The online resources and activities will focus on specific tasks and practices and use this context to introduce new technologies and alternative ways of working with data/information. Participants will be given the opportunity to use a variety of freely available tools, work with documents and media commonly used in meetings, and develop interpersonal and communication skills to enable them to contribute more fully in meetings. Participants will be asked to assess their potential relevance and value for shifting practice in relation to their chosen real-world meeting.
They will be presented with discussion topics and activities that encourage them to reflect on and review current practice in relation to different aspects of meetings.
Having progressed through a number of commonly performed tasks, participants will discuss amongst themselves and with facilitators to agree what aspects of their meeting they will seek to change and what steps will be taken and when. This will be used to inform the design and facilitation of the face-to-face session(s) -which ideally would take place in the context of a real meeting. This would be used to try out with support the new ways of working.
Following the face-to-face session, participants will be encouraged to reflect on and review their practice - and any modifications or alternative approaches identified will form the basis of subsequent learning activities.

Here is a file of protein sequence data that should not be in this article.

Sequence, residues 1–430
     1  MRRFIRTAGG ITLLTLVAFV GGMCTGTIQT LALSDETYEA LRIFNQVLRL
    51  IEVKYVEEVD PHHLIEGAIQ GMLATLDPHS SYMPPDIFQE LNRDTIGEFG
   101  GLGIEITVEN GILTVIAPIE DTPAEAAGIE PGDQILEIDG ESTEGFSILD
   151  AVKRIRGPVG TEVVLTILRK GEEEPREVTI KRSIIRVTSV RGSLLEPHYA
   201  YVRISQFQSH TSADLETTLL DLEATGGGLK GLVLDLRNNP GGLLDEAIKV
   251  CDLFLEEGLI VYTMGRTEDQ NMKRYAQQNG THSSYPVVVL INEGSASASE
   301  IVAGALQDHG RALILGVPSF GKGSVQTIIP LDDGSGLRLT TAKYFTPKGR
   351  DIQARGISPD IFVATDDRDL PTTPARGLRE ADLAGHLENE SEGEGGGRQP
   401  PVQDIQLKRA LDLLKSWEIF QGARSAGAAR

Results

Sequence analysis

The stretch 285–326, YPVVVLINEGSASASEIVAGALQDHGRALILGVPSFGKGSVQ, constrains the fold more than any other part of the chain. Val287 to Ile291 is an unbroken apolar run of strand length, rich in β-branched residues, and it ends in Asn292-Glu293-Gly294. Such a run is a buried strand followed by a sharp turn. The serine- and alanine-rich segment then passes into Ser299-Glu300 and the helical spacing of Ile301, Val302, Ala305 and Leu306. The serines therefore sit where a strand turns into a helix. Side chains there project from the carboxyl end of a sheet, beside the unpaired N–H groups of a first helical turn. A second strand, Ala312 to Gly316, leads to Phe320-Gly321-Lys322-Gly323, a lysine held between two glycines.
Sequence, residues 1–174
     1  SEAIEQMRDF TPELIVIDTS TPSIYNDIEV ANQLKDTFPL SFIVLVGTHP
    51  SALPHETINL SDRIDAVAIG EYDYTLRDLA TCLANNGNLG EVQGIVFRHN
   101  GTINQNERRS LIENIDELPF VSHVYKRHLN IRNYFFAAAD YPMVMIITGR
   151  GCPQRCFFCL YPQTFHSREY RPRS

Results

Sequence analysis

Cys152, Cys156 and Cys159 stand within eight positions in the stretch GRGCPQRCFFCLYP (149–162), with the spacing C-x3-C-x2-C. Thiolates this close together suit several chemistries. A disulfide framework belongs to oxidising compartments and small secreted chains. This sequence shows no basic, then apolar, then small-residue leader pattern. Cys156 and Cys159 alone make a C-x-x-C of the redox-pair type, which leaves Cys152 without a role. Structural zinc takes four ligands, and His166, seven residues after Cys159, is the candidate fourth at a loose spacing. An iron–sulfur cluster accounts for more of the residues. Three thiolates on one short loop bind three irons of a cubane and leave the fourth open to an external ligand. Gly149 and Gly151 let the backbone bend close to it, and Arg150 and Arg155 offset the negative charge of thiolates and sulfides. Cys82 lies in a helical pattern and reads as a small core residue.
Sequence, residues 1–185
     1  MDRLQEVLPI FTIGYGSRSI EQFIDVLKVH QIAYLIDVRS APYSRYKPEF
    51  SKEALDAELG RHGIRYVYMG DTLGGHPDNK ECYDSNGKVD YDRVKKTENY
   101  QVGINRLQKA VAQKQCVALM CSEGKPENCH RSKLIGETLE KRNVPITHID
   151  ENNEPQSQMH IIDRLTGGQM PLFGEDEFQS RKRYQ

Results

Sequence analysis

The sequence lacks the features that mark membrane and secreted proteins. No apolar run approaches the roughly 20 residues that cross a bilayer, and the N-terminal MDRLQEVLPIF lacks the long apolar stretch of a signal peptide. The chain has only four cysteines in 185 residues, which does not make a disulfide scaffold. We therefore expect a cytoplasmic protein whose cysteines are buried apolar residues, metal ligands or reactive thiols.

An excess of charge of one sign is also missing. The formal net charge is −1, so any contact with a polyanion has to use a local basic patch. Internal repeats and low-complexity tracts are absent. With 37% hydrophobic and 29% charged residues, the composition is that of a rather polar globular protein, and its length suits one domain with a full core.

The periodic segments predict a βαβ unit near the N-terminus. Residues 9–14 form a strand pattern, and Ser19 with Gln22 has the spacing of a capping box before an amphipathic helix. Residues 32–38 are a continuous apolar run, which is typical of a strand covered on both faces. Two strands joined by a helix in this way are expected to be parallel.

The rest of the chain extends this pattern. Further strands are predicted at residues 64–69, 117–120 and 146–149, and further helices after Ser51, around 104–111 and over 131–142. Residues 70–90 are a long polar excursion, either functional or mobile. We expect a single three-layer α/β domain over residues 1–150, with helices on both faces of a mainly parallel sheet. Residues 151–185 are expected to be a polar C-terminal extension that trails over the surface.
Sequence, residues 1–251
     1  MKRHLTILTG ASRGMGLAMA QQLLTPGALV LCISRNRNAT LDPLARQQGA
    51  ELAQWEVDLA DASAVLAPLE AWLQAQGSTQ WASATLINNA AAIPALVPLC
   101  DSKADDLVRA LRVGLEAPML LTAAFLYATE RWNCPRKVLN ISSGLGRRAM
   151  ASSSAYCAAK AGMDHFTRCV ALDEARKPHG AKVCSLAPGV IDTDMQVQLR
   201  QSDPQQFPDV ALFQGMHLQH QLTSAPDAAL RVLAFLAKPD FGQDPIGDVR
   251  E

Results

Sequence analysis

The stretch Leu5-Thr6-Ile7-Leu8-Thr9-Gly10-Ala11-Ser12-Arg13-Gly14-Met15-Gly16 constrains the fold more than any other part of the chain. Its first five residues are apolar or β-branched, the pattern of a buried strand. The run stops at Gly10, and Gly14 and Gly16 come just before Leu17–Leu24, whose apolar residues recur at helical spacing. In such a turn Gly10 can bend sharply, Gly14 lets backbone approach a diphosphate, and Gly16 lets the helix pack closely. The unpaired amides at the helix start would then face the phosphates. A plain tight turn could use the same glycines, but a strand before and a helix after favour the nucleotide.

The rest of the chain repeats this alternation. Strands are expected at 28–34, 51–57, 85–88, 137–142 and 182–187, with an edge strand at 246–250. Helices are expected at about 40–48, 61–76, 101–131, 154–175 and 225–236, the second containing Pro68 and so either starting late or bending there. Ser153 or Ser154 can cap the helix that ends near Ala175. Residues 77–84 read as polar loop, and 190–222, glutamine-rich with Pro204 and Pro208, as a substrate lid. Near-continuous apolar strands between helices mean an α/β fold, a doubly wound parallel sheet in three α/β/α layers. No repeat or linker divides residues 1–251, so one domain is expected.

The activity will close when the group are satisfied with their new way of using and running meetings.
[The question is, to what extent could this approach would work for other kinds of tasks/practices, such as presenting, writing, project management, forms of media production, etc.?]
3) Scrutinise your scenarios.
What claims are you making for your designs, about context, people, etc? Do they hold up?
- participants will recognise the benefit and value of improving their use of, and participation in, business style meetings
- participants will be interested and motivated to develop appropriate knowledge and skills necessary to adopt new meeting related practices
- participants will be able to make the time and effort to contribute fully (possibly get endorsement and support of line managers and run in work time)
- this can be achieved through a combination of online and face-to-face participation
- the approach will be versatile enough to accommodate and work with the practices of any group of professional services staff grow
- the approach will promote real changes to what is practiced
- it will have the backing and support of senior management and they will support and encourage change in practice
This is all hypothetical but I do have some experience designing and running a learning activity intended to help professional services staff make use of web technologies to improve meetings. See: A presentation I gave at a UCISA meeting a while ago on 'Using Social Media for Training - Developing Digital Literacy through social media: trainer and trainee perspectives - The narrated version is on Vimeo https://vimeo.com/50752223 and the Prezi here - http://prezi.com/d_yas9iu78_j/using-social-media-for-training/